Pic of the Week: 5/12/17
Location: Crowell, TX
Date taken: 5/10/17
Here we are in the second week of May and I have been sitting by patiently waiting for my first successful chase of 2017. There have been some nice (unfortunately fatal) tornadoes within a day’s drive, but I was either working or had other responsibilities. I kept saying to myself “Not to worry, it’s just March, it’s just April.” But once it came down to May I was starting to feel concerned. I have not had a successful storm chase all season long which can leave you with a real sour stomach. But on Wednesday this week I got to chase my first real storm of the year and not only that we successfully intercepted a brief tornado. Sadly, I was driving at the time and could not take photos as the tornado was very brief. Still it was great to just get to go out on the chase and actually pull out the camera!
Our chase started around 5pm where I left from Metro Photo and headed towards storms that were developing near Paducah, TX. My good friend Tyler drove up from Prosper, TX to chase this day so expectations were high. We drive west on 287 reaching Vernon and dropping south and west on Highway 70 to Crowell, TX. When we reached Crowell, we turned back to the north on highway 6 to be position of the storm. About 5 miles on highway 6 we pulled over at a historical marker and we had a nice view of our developing supercell. We could see the updraft tower surging into the blue sky above and a low blocky lowering in the storms base. This did not look like it was rotating at this time, but it did show promise. We crept closer and closer to the storm until it stated to cross Highway 6. I knew this could be a problem on this road. There are no east options that would keep us in position of the storm until we reached Quanah, TX and highway 287. The problem with this road is that it would put us behind the storm and not in front of it.
As our storm crossed Highway 6 we noticed it starting to intensify. The returns on radar grew larger, the storms wall cloud started getting lower and larger and was showing signs of rotation we pulled over and watch it pass the highway right in front of us. At one point the storm’s rear flank downdraft came around the updraft base tightening up the wall cloud and increasing the rotation. The RFD carved a nice shape to the wall cloud and updraft base which I found to be very photogenic above the empty two lane highway. I walked out to the middle of the road (checking the traffic first) and dropped to a knee to get this shot. It’s a very classic “storm chase” photo. In fact, I have a few in some of my other galleries. But still it was great being under the updraft of a picturesque storm once again and getting to storm chase.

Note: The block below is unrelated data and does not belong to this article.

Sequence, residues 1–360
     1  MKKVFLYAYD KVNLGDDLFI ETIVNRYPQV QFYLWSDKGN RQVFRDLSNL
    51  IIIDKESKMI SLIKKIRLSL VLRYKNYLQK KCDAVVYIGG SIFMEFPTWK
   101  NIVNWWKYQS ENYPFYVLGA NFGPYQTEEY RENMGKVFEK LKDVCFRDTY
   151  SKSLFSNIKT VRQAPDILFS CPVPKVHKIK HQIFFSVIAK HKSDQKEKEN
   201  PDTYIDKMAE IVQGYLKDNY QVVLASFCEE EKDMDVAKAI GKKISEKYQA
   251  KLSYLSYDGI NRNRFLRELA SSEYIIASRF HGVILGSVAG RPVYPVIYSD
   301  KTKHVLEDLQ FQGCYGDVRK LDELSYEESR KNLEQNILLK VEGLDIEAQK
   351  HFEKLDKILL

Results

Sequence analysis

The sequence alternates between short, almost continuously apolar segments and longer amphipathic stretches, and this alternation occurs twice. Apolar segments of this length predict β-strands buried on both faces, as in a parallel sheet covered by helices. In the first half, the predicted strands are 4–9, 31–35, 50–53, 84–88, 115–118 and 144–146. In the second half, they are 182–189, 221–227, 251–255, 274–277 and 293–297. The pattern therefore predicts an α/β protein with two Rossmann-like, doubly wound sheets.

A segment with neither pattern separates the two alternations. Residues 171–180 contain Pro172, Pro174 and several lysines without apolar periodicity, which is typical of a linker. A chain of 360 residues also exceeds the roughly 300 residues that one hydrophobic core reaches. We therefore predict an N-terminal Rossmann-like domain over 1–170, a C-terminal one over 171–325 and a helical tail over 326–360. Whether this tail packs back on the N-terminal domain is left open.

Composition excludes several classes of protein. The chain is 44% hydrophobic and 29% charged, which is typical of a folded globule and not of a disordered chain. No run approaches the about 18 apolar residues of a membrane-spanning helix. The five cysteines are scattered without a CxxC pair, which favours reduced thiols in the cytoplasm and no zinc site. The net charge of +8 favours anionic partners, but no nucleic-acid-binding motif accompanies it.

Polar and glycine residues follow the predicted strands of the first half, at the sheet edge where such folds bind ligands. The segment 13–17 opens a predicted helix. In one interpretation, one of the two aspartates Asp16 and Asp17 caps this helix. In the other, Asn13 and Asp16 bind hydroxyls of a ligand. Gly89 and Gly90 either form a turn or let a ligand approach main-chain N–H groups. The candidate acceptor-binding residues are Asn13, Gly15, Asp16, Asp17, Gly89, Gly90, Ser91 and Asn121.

We would continue following this storm into southern Oklahoma until evening time. While trying to get into position on the storm a tornadic circulation spun up directly to our west just .3 miles away! I slammed on the breaks and pulled off the road pointing and shouting to Tyler “TORNADO! TORNADO ON THE GROUND!” Not a few seconds after that I pulled out my camera to record a video of the brief spin up. But the RFD quickly caught up to it and we were blindsided by rain and wind. I confirmed with other chasers and storm reports that we did in fact see a tornadic circulation under a rotating base. There was no real visible funnel which is why it took by surprise. It was a great chase and it felt nice to get another tornado under my belt, even if it was short-lived one. Next week is looking to be an active weather pattern so I hope to have more storm photos to share with y’all!